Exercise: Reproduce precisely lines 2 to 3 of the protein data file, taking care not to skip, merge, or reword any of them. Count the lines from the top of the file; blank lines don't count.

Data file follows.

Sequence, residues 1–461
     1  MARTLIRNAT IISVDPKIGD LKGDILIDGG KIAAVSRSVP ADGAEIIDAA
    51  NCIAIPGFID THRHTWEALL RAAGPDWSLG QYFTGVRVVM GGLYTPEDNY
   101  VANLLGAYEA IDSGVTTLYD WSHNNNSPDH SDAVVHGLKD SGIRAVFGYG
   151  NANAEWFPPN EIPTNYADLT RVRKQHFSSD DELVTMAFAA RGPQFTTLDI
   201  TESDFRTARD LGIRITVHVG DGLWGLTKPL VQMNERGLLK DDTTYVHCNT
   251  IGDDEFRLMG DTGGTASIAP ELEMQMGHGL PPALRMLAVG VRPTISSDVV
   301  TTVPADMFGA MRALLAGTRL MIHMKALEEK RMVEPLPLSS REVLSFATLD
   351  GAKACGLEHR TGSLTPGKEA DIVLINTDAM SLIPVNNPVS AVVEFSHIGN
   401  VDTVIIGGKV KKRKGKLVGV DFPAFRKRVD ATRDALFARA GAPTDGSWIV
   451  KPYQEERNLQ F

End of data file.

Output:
     1  MARTLIRNAT IISVDPKIGD LKGDILIDGG KIAAVSRSVP ADGAEIIDAA
    51  NCIAIPGFID THRHTWEALL RAAGPDWSLG QYFTGVRVVM GGLYTPEDNY